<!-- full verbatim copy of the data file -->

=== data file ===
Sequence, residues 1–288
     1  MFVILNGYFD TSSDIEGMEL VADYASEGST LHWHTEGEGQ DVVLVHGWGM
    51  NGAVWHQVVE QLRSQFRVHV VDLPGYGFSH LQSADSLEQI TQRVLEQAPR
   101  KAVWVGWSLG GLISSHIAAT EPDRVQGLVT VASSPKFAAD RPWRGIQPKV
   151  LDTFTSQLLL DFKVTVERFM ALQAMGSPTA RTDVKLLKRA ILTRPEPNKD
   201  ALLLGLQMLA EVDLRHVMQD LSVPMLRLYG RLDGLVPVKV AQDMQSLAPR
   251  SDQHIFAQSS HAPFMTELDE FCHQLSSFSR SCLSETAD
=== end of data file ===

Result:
Sequence, residues 1–288
     1  MFVILNGYFD TSSDIEGMEL VADYASEGST LHWHTEGEGQ DVVLVHGWGM
    51  NGAVWHQVVE QLRSQFRVHV VDLPGYGFSH LQSADSLEQI TQRVLEQAPR
   101  KAVWVGWSLG GLISSHIAAT EPDRVQGLVT VASSPKFAAD RPWRGIQPKV
   151  LDTFTSQLLL DFKVTVERFM ALQAMGSPTA RTDVKLLKRA ILTRPEPNKD
   201  ALLLGLQMLA EVDLRHVMQD LSVPMLRLYG RLDGLVPVKV AQDMQSLAPR
   251  SDQHIFAQSS HAPFMTELDE FCHQLSSFSR SCLSETAD